US: SEC Imposes New Rules to Increase Oversight of Hedge Funds

As published on: theglobaltreasurer.com, Friday 9 February, 2024. 

The SEC's decision to impose new rules that require private funds to register as dealers reflects the agency's commitment to increasing oversight and ensuring market integrity.

The Securities and Exchange Commission (SEC) has recently imposed new rules aimed at increasing oversight of hedge funds. These rules require many private funds to register with the agency as dealers, in an effort to better monitor the market for U.S. government debt.

This move comes as part of the SEC’s broader agenda to enhance regulatory oversight and ensure market integrity.

The SEC’s decision to implement these new rules stems from the need to address potential vulnerabilities and risks in the private funds industry, particularly in relation to the trading of US government debt. By requiring funds to register as dealers, the SEC aims to improve transparency, protect the interests of the public, and facilitate capital formation.

SEC Chair, Gary Gensler, emphasized the importance of these rules in promoting market integrity, stating, “When dealers register, they become subject to a variety of important laws and rules that help protect the public, promote market integrity, and facilitate capital formation.”

Impact on the Private Funds Industry
The private funds industry, along with high-frequency trading firms, has expressed concerns about the potential impact of these new rules.

Some industry experts predict that the rules could lead to an exodus of investment companies from the US Treasuries market, potentially causing greater instability.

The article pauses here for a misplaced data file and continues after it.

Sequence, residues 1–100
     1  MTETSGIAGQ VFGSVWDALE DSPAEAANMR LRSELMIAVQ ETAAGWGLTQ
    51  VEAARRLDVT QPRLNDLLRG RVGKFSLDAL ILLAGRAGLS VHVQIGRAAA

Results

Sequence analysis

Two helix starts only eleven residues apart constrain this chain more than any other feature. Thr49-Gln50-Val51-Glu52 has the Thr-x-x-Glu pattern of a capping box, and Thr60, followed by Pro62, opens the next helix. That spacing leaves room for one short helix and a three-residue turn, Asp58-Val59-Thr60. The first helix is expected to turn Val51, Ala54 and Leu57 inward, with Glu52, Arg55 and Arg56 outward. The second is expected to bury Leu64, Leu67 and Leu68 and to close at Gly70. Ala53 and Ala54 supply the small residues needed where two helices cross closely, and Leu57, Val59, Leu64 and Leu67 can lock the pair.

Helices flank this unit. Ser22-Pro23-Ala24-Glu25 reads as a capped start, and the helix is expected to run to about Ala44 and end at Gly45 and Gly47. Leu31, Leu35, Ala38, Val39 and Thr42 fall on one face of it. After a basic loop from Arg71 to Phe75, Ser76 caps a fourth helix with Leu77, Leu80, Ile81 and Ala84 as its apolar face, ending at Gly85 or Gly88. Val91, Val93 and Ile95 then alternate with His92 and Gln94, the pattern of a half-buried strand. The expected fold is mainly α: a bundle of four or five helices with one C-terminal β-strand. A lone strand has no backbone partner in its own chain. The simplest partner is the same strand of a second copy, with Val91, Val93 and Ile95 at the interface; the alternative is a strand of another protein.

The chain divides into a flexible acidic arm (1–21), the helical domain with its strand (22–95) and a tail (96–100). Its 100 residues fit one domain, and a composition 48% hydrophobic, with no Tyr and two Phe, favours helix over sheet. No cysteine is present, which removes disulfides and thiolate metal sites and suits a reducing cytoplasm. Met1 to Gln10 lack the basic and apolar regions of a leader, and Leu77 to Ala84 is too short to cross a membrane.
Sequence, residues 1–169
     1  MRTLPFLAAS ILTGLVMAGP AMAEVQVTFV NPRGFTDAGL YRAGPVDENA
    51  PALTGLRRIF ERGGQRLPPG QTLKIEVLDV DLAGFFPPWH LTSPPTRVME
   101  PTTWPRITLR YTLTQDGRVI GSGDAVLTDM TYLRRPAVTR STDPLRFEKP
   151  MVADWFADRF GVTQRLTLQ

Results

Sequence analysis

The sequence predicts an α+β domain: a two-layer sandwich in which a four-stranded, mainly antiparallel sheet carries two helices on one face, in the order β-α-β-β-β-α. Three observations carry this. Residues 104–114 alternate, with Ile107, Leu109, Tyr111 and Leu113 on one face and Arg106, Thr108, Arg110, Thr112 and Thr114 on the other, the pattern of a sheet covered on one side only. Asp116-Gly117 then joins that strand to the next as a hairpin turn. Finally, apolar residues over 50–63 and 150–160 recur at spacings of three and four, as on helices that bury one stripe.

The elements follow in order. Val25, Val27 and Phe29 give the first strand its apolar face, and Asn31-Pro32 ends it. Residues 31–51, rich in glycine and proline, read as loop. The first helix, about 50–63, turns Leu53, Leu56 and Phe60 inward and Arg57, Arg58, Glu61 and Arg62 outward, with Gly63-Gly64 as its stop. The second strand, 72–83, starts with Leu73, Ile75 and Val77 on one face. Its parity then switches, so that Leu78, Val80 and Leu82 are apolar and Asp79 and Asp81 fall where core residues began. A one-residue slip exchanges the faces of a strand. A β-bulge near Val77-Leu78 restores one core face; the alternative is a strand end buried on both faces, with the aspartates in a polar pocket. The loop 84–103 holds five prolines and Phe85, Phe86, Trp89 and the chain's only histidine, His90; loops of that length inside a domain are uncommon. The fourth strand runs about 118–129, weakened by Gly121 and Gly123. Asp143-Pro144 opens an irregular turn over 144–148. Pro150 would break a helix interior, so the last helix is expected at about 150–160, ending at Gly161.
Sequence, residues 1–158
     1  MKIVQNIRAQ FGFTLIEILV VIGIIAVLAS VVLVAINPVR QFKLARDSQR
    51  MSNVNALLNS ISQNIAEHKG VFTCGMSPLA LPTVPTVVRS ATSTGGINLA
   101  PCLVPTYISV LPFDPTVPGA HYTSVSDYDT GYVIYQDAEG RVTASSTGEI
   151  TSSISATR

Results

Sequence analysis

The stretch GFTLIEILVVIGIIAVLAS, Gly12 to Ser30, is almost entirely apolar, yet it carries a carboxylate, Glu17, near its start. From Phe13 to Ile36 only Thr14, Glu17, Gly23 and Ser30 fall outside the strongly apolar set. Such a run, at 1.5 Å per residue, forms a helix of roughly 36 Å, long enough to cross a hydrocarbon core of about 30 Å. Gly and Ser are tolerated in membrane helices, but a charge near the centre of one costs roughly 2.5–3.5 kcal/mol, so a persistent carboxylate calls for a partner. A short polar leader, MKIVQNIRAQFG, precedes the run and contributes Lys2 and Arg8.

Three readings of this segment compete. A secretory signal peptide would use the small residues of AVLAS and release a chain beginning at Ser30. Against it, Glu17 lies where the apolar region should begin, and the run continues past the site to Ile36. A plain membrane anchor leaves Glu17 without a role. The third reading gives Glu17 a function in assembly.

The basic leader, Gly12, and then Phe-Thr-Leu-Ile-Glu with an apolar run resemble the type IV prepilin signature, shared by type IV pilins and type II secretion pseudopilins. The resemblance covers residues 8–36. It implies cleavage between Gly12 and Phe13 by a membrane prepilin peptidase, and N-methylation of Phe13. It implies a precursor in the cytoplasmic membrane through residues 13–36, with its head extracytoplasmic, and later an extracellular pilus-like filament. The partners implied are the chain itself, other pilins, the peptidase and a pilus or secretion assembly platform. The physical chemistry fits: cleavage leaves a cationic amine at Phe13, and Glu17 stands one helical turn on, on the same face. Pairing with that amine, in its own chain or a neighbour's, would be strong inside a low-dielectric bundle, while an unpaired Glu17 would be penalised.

Both Senator Bill Hagerty and politician French Hill , both Republicans, have also voiced their concerns in a letter to SEC Chair Gensler. They argue that the new rules may exacerbate liquidity strains in the market for US government debt, further destabilizing the market.

SEC’s Response to Concerns
In response to these concerns, the SEC made some adjustments to the initial proposal of the rules.

One significant change was the removal of a provision that would have required anyone trading more than $25 billion worth of Treasuries in four of the last six calendar months to register as a broker-dealer. This modification aims to address concerns raised by industry participants while still ensuring increased oversight.

MFA CEO Bryan Corbett applauded the SEC’s decision to drop the quantitative trigger provision.

However, he expressed continued concerns about the potential impact on alternative asset managers, stating, “Alternative asset managers are not dealers, and MFA is concerned that the Rule may not go far enough in excluding them and private funds from being regulated as dealers.”

The Crypto Industry’s Concerns
The new rules have also raised concerns within the cryptocurrency industry.

Changes in the legal definition of securities “dealer” could potentially encompass a wide range of crypto traders who provide liquidity on decentralized digital asset exchanges.

This has sparked fears that the rules may inadvertently stifle innovation and growth in the crypto market.

Continued Battles Between the SEC and Private Funds Industry
The private funds industry has been increasingly at odds with the SEC in recent years. The Managed Funds Association (MFA), which represents alternative asset managers, has filed multiple lawsuits against the SEC, challenging various rules related to short sale disclosures and quarterly performance reporting.

Despite the ongoing tensions, the SEC remains committed to its mission of protecting investors and maintaining fair and efficient markets. These new rules are part of a broader regulatory agenda aimed at safeguarding the financial system and promoting transparency and accountability.

Attempting to build resilience
While concerns have been raised about the potential impact on the industry, the SEC has made efforts to address these concerns and strike a balance between regulatory oversight and the need for market stability.

As the private funds industry continues to evolve, it is essential for regulators to adapt and implement measures that promote transparency, protect investors, and foster a robust and resilient financial system.


SEC US Hedge Funds